"Weichert does not have a huge ego," said John Featherston, publisher of National Relocation and Real Estate magazine. "He's not concerned with having his picture on the cover of magazines; he's more concerned with having more yard signs than anyone else in the marketplace."

Both Weichert and Foster, Featherston added, "are two absolutely wonderful entrepreneurs who have seized the opportunity and marketplace over the last 15 to 20 years. Over the past several years, when other real estate companies have suffered, the two have reacted quicker than most of their competition in recognizing the downturn in the market." As a result, while others have failed, these two continue to survive, Featherston noted.

Weichert's acquisition of Prudential reflects a trend that's occurring throughout the realty business: Small firms are being gobbled up by large ones and the industry is being concentrated in fewer and fewer hands.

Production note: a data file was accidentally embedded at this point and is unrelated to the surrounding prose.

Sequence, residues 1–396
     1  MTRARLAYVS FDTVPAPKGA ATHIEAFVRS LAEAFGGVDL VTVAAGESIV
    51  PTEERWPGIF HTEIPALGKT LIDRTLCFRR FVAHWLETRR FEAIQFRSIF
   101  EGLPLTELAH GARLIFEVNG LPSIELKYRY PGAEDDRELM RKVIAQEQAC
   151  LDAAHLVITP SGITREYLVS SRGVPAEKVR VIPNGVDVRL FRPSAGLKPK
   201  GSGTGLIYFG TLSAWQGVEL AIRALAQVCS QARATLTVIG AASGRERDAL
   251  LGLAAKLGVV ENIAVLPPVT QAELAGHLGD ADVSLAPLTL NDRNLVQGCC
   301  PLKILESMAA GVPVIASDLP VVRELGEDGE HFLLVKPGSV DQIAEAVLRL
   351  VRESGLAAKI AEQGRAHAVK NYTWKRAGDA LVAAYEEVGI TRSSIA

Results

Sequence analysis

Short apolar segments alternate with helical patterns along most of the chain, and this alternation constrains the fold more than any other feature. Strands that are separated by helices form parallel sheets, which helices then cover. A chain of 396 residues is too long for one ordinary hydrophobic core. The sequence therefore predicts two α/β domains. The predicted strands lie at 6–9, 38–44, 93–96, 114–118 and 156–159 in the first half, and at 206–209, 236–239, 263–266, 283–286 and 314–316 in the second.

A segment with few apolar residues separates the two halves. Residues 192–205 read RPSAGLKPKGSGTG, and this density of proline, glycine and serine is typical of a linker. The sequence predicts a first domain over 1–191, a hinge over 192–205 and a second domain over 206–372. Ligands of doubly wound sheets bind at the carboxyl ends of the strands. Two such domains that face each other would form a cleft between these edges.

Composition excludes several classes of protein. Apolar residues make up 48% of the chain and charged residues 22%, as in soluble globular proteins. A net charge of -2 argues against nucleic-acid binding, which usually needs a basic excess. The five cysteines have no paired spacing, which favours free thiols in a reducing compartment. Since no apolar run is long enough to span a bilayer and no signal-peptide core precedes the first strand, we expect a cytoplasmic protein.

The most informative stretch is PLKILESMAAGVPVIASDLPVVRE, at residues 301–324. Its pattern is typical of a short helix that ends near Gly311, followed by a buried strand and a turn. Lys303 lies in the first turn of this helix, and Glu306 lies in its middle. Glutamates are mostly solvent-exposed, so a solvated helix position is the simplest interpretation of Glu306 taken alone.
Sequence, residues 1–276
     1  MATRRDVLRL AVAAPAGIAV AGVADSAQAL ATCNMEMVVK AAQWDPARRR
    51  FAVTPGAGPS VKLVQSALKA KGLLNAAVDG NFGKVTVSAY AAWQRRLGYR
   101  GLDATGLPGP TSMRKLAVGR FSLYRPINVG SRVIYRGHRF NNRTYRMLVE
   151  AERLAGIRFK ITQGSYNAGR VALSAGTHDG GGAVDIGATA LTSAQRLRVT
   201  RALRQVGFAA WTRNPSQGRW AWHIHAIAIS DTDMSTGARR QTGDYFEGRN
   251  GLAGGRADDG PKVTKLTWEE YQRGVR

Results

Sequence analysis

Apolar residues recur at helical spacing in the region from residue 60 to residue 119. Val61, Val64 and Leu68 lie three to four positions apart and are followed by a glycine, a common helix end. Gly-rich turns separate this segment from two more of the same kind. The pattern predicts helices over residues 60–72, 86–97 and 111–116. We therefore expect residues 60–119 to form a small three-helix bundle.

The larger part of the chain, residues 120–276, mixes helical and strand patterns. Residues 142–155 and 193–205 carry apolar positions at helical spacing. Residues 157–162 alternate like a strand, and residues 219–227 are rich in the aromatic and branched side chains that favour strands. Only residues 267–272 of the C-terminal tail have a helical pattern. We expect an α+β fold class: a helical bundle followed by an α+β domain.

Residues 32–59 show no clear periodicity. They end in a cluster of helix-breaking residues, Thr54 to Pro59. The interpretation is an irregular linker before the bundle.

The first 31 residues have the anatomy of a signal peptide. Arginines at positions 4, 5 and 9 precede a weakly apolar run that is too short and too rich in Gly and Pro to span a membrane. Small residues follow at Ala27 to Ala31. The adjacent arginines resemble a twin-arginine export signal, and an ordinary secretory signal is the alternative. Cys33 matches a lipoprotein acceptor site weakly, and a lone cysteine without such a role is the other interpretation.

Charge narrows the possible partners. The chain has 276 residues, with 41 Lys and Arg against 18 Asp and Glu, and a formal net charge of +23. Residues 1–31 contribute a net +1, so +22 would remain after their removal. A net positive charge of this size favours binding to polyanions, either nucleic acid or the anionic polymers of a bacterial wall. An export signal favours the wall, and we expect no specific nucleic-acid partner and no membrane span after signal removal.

Yet competition is particularly fierce in Washington.

"I don't know of another market that's this competitive," said Laurie Moore-Moore, co-editor of Real Trends, a newsletter that monitors the realty business. "You now have the nation's two largest independent firms battling it out and neither one is going to want to take a back seat to the other," Moore-Moore said.

By late last week Weichert had signed up 400 Prudential agents. Long & Foster had lured away about 100, including Prudential's top agent, Marc Fleischer, and the company's top Virginia salesman, Greg Holmes.

Smaller firms also are benefiting. Pardoe/Pardoe & Graham, for instance, added 35 Prudential agents to its sales force of 300. "This has been a terrific boost for us," Pardoe President Bob Graham said.